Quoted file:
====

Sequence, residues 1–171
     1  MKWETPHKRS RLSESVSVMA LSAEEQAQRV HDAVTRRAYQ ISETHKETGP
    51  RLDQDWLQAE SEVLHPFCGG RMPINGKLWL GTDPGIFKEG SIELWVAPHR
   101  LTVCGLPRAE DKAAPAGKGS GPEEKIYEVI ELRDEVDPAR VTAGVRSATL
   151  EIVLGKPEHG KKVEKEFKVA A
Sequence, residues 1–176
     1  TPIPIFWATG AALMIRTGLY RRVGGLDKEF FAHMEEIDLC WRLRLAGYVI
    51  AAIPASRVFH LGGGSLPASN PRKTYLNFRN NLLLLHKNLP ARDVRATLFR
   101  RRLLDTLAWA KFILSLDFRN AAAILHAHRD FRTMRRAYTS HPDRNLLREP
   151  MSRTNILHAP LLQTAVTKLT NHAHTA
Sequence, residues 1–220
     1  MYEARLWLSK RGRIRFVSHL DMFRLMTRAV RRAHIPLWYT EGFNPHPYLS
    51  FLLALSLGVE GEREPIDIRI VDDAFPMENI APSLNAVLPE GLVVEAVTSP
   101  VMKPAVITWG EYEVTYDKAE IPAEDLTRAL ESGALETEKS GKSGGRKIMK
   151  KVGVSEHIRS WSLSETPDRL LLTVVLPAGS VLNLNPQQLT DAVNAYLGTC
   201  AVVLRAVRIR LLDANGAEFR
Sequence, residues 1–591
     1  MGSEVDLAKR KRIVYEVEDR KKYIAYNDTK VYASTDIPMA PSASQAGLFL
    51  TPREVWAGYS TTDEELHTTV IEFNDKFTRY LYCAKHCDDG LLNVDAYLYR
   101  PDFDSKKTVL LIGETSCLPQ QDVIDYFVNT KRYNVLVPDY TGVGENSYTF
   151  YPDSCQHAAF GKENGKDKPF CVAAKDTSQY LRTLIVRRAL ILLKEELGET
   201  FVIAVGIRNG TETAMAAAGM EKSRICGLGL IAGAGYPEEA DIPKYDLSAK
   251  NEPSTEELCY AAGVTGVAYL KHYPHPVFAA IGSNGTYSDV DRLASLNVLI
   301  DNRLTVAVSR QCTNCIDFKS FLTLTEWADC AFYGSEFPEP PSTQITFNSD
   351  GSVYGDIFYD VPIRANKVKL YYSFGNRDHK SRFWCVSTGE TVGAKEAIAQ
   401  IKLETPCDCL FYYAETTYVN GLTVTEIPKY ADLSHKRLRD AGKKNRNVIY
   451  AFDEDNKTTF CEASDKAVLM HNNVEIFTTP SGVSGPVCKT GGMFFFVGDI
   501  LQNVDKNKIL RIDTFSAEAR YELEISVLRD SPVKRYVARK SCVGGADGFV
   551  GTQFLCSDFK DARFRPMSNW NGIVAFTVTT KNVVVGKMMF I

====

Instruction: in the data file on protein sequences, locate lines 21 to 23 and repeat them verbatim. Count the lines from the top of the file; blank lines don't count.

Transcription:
   151  YPDSCQHAAF GKENGKDKPF CVAAKDTSQY LRTLIVRRAL ILLKEELGET
   201  FVIAVGIRNG TETAMAAAGM EKSRICGLGL IAGAGYPEEA DIPKYDLSAK
   251  NEPSTEELCY AAGVTGVAYL KHYPHPVFAA IGSNGTYSDV DRLASLNVLI